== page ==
Take this and then start developing a per-child learning schedule. At different times, for different subjects, etc., it will possibly require a wide range of different strategies, resources, people, and technology. Do continuous evaluations, then.

Digital twins, AI, technology to track/predict the behavioral/biometrics of individuals, and bots, both physical and virtual, were all in their early days at the time of our discussion.

Bots and Digital Learning Methods

The first thing is to understand the learner before any equipment is used, or any teacher starts to teach. In “Digital Identities, Students & Privacy,” I present the concept of building a digital twin for learning. Technology is evolving, enabling what I told my friend about to be produced. Instead of trying to rethink the whole method, it should be done in simple, iterative phases, since both the post and this thought paper[10] layout.

Privacy in the Age of Bots

“Digital Identities, Students & Privacy”Digital Identities, Students & Privacy It also addresses ensuring that all data obtained about the student is expunged after the student graduates from the commercial systems used. The liability style questions raised in the humanoid robot paper [11] will begin to be answered with these new-age legal methods.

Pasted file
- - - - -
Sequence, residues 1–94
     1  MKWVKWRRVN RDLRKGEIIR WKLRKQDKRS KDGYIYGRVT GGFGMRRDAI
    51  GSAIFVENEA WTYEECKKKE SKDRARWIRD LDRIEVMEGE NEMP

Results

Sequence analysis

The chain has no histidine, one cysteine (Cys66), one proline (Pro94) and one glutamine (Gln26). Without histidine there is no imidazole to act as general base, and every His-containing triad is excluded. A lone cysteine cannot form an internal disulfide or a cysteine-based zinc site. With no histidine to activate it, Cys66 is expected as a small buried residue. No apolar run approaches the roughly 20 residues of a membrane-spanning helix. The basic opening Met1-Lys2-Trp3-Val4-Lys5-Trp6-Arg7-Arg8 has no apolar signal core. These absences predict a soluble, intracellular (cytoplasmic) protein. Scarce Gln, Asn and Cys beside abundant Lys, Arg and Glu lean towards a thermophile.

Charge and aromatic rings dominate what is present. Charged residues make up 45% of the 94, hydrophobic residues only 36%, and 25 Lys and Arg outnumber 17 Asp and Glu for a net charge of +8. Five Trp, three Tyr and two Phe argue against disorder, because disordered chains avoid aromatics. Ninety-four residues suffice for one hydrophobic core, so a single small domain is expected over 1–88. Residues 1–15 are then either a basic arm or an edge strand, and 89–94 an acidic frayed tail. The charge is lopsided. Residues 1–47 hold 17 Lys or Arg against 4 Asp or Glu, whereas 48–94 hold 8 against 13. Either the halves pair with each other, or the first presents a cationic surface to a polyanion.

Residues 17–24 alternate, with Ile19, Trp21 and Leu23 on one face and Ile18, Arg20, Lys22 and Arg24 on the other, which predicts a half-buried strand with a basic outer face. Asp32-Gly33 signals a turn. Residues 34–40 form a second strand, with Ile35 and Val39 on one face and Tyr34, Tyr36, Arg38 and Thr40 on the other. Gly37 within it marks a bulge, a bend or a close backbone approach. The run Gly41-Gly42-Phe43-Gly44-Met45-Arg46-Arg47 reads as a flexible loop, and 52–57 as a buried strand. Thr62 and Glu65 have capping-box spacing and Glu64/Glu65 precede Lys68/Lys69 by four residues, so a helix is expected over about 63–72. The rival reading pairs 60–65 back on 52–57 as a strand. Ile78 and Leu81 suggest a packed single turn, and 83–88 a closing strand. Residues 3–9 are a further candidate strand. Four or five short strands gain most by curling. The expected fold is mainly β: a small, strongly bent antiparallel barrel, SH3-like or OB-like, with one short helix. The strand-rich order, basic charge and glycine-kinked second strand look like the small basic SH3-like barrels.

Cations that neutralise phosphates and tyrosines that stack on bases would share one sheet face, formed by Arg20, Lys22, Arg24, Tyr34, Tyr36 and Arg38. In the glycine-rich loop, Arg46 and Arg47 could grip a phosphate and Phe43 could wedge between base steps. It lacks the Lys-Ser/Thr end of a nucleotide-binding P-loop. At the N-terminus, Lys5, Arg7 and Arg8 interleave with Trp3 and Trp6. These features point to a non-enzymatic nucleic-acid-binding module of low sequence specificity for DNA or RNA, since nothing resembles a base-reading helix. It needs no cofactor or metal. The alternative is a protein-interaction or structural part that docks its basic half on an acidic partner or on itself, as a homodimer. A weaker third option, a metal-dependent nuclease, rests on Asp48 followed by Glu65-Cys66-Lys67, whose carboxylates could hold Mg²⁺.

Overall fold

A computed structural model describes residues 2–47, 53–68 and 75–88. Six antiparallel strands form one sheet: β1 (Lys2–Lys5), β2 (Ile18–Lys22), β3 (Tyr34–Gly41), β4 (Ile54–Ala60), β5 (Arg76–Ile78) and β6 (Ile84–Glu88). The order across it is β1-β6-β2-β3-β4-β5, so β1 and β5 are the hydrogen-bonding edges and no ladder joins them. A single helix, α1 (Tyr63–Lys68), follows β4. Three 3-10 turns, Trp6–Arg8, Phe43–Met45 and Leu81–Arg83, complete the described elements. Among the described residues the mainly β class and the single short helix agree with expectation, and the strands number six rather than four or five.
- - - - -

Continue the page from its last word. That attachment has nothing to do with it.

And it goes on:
Protecting Data and Educator Liability

This paper “Humanoid Robots as Teachers and a Proposed Code of Practice [11]” discusses, proposing a code of practice, the role of bots and teachers in the classroom going forward. It also touches on the protection and responsibility of student data.

I plunge into the same waters in “Digital Identities, Students & Privacy,” Bots, of any kind, carry AI with them, plus the capacity for continuous behavioral/biometric tracking. All of which leads to whopper-sized databases that can be used long after they have graduated to predict the behaviour of a student. Notice that this subject isn’t mentioned in any of the examples above.

Students in the Virtual World

“Digital Twins/Virtual Selves, Identity, Security & Death, “Digital Twins/Virtual Selves, Identity, Security & Death. It merges previously online and offline worlds with the introduction of AI/AR glasses. A chaotic universe of entities, both real and virtual, moving towards the classroom is all I can see in my mind. As an old man, this is what I see as the coming to life of this old Star Wars scene where Princess Leia sends a letter.

Which Teacher is Better – A Human or a Bot

For each student, the digital learning twin will continuously propose personalized learning pathways. The new system must be able to provide each student with the best learning for them at a lower cost, going back to my previous point about budgets. Thus, at various points in the learning journey of a student, various degrees of automation can be used as and when it works.